The first time I watched it, I got teary-eyed at several points, and by the end I was full on snotty-nosed-need-a-tissue-to-mop-up-my-face crying.  I doubt most people have that reaction, but I’m at a point in my struggles with being a writer that it was exactly the catharsis I needed.  Although I do think most readers and writers will feel the charm of TFFBOMML in some way.
 
I’ve always loved books – their stories transported me to different worlds that often felt more real than the one I was living in, and I think TFFBOMML really captures that feeling.  And even though I was a computer science minor during college, I have completely resisted the move to e-readers.  As I writer I understand the magic is in the story no matter how it’s delivered, but as an old-school reader, I love books.  I love wandering along the shelves pulling out one on this shelf or test driving another on that shelf.  I love the smell of the pages.  I love the feel of the paper.  So for me, that scene where he brings a book back to life by reading it perfectly conveys the magical connection between books and their readers.
 
But where TFFBOMML turned me into a weepy mess was at the end as the man completes his journey as a writer.  Being a writer is a long, hard road, but we travel it hoping for the day our words touch others. This film beautifully expresses how all the stories that came before help our imaginations soar until the day we’re ready to release our own story that will in turn help someone else fly to new heights.  It truly is a magical process.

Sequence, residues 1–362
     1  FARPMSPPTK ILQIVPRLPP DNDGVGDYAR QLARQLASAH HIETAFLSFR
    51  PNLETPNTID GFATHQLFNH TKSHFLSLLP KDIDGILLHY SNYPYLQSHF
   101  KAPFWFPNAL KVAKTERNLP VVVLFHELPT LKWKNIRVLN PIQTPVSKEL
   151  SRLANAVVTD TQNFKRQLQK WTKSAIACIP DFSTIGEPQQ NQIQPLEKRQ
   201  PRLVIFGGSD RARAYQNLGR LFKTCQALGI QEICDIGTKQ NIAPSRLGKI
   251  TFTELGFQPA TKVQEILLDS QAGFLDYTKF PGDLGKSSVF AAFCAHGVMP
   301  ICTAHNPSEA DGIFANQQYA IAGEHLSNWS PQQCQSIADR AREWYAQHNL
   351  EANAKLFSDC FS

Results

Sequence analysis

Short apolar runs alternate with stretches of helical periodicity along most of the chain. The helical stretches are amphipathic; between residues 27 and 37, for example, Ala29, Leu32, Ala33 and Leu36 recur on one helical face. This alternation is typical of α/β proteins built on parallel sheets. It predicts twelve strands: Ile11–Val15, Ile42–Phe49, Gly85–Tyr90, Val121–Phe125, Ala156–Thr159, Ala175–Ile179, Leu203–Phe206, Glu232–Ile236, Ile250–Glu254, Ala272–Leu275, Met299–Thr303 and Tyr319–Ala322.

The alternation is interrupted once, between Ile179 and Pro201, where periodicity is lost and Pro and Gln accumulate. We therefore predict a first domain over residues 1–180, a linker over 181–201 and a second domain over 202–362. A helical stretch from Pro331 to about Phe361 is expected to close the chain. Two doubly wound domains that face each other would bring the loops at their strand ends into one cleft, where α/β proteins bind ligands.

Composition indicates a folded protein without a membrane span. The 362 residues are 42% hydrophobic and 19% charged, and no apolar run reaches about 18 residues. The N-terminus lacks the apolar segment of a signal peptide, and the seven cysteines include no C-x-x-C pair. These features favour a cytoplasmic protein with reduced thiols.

What did you think about The Fantastic Flying Books of Mr. Morris Lessmore?  Did it touch you as a reader/writer?  And how Fantastic is Freya with her letter F?
 
Also, if you haven't entered yet, I'm having a contest here.

Tweet Tales Tuesday Week 8 + PARTY!

Today’s regularly scheduled Tweet Tales Tuesday is interrupted by an important announcement:

OppressionToday is the official launch day for Jessica Therrien’s debut novel Oppression (Children of the Gods #1). Whoo hoo!  And I’m honored to be one of the blogs helping to host the party to celebrate this exciting day!
 
I met Jessica during the Writers’ Platform-Building Campaign last fall.  Not only does she have a well-written, entertaining blog, but she is very generous in her support of her fellow bloggers.  It’s been fun getting to know Jessica while reading her posts about her publishing journey, and I’m so thrilled for her that her book’s big day is finally here.
 
Since it IS Tweet Tales Tuesday, I thought I’d honor Jessica’s novel with three bonus tweet tales.  
 
For the first bonus tweet tale, I’m going to describe Oppression in a tweet.  I haven’t had a chance to read it yet (I’ve ordered my copy and am just waiting for the burly UPS man to deliver it to me), so the tweet description is based on the Amazon description:
 
Elyse discovers even among those descended from gods, she is special: destined to free her people. But she’s never been one to follow rules.
 
For the second bonus tweet tale, I’m incorporating the word Oppression like any of my usual word-a-day words.
 
They tried to bind her to the earth, but she broke through their oppression and flew toward the stars with wings crafted from dreams.  
 
And because in Oppression the protagonist Elyse discovers that her destiny is deeply intertwined with the fate of the future, I am writing the third bonus tweet tale with the theme of fate/destiny.
 
Her tire blew, so she missed her flight. No, it didn’t crash. She married the guy she sat beside on new flight. Their son’s named Firestone.